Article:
In the case of migration, virtualization lets organizations take files off an old NAS box and move them to a new machine without disrupting users, Wadsworth said. Migration occurs in the background, because users remain attached to the virtual presence of the file during the process, he added.

Acopia’s virtualization technology copies the file contents from the old storage device to the new device. When the copy is complete, the new physical location of the file is updated in the appliance’s virtual-to-physical mapping tables, but the virtual address remains the same, Wadsworth said. If users accessed their files on their G drive, they continue to do so.

“The administrator is free to relocate data at any time without having to worry about the impact on end users,” Norris said. He said some virtualization customers have reported performing migrations in one-tenth the time they would normally take.

Similarly, industry executives say NAS virtualization enables storage tiering. Tiers may include high-end primary disk storage, near-line storage featuring cheaper disk technology and, lastly, archival storage media, usually tape. Organizations pursuing the tiered approach create policies for moving data from one tier to the next, based on the data’s value to the organization.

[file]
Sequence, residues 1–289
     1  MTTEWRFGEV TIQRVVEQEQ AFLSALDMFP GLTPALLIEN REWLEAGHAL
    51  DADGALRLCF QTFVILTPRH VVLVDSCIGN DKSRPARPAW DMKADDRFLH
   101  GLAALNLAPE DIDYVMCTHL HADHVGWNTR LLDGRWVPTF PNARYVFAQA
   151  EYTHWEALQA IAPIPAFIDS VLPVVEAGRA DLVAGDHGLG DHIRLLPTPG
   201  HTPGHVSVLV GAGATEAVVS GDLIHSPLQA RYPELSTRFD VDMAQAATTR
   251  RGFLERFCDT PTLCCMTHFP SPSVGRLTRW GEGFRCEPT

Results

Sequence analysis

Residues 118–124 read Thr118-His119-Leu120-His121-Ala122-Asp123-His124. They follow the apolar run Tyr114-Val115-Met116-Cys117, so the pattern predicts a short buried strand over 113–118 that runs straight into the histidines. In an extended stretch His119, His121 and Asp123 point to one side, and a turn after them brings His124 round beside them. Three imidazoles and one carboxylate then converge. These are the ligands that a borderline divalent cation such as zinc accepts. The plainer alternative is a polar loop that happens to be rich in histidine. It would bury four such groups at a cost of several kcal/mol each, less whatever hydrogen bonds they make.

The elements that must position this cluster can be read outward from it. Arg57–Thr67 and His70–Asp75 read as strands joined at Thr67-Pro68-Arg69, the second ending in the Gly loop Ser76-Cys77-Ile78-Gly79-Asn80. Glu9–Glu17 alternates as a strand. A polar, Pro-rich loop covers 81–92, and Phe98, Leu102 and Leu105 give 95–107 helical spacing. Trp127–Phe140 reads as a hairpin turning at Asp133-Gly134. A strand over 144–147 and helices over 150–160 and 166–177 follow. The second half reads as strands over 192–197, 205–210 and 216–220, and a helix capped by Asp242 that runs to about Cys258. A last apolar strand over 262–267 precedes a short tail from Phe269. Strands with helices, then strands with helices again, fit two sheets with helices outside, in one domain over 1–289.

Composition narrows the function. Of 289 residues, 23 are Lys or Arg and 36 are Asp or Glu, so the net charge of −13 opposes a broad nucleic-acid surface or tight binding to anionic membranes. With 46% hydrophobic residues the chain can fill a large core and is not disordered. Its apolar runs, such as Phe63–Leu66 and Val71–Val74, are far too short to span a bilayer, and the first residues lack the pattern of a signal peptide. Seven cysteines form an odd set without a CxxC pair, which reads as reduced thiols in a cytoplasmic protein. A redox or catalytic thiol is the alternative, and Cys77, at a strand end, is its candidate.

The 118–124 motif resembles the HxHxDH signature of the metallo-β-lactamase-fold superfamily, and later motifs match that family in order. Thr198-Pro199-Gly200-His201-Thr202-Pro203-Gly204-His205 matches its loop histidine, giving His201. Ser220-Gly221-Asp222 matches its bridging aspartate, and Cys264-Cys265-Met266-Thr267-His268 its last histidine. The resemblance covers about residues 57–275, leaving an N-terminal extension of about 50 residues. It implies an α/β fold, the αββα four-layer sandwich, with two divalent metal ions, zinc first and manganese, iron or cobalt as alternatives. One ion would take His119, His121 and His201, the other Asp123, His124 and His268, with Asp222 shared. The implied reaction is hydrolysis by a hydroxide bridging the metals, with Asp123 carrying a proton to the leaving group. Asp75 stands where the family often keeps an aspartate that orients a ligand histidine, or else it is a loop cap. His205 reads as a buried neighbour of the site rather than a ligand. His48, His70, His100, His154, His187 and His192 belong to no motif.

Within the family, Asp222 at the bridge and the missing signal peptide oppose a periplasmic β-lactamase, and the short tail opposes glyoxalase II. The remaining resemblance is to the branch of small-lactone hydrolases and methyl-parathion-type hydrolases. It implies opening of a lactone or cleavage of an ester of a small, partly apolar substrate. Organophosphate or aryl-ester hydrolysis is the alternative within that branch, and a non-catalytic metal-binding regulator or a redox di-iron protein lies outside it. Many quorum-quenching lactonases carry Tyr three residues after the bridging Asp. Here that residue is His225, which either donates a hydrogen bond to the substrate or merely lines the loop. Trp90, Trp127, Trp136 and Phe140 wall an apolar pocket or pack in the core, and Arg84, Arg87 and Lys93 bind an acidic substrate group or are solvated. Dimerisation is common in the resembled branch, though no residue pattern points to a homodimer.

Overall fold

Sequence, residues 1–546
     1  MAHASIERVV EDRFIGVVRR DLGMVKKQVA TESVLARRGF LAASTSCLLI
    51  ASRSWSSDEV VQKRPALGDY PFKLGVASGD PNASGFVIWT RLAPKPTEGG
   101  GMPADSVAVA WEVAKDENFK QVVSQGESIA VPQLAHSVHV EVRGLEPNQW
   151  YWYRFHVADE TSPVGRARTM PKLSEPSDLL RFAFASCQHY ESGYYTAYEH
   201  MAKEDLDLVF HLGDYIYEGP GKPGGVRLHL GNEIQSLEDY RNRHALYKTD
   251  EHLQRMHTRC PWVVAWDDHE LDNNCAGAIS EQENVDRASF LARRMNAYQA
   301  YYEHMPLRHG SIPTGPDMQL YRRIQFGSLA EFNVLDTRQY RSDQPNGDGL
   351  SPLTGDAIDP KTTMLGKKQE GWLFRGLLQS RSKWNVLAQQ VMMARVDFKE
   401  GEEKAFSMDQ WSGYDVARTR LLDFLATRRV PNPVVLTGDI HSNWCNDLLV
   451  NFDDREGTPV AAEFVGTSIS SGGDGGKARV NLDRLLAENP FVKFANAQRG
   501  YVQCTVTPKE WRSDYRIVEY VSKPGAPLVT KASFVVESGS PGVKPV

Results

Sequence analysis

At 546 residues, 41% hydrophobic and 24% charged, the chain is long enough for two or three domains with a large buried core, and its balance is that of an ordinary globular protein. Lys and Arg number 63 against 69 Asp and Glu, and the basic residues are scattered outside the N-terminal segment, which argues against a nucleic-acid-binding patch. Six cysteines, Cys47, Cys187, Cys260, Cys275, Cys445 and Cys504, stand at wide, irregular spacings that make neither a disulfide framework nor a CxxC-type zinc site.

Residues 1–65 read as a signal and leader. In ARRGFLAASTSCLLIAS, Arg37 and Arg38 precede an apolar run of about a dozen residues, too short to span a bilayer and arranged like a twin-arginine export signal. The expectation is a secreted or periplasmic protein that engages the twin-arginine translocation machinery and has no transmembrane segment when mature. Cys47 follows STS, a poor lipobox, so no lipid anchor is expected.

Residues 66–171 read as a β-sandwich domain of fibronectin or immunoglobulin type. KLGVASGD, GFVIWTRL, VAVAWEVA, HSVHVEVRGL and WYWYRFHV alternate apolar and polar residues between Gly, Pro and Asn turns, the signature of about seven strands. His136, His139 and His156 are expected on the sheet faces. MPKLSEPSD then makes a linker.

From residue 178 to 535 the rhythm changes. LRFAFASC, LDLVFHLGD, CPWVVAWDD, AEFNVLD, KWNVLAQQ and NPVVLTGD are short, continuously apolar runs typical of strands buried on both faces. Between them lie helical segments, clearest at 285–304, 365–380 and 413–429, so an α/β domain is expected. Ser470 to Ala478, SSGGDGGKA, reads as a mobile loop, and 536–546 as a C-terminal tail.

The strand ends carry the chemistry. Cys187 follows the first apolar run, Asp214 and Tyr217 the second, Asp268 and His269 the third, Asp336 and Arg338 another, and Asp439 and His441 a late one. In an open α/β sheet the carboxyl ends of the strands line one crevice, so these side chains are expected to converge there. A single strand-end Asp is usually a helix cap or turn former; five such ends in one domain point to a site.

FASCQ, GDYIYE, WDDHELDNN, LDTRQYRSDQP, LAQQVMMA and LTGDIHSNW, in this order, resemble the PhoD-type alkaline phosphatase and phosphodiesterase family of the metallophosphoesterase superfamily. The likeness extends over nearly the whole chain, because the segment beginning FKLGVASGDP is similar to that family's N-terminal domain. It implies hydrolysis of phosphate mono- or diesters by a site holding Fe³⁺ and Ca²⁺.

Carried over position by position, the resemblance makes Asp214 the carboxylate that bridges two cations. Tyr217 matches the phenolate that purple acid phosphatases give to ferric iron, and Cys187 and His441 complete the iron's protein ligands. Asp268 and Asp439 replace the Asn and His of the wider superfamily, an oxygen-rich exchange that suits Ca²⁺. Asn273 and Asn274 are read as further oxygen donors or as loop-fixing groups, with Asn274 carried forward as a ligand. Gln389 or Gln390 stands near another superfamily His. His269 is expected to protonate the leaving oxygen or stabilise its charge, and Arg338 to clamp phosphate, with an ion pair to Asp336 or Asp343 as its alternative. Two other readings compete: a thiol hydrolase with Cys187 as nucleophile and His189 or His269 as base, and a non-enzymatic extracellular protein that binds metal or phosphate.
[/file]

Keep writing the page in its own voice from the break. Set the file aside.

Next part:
NAS virtualization automates processes related to the movement of data according to storage policies, Wadsworth said.

Customers seeking NAS virtualization benefits could pay more than $50,000 for an enterprise-class appliance. EMC’s Rainfinity appliance costs $80,000. Acopia’s midrange product costs less than $100,000 mark, while high-end machines cost more than $100,000. Acopia’s entry-level appliance costs less than $50,000, however. NetApp’s V-Series pricing starts at $15,670 for the GF270c, an entry-level model.

Customer interest
Vendors report awakening customer interest in NAS virtualization.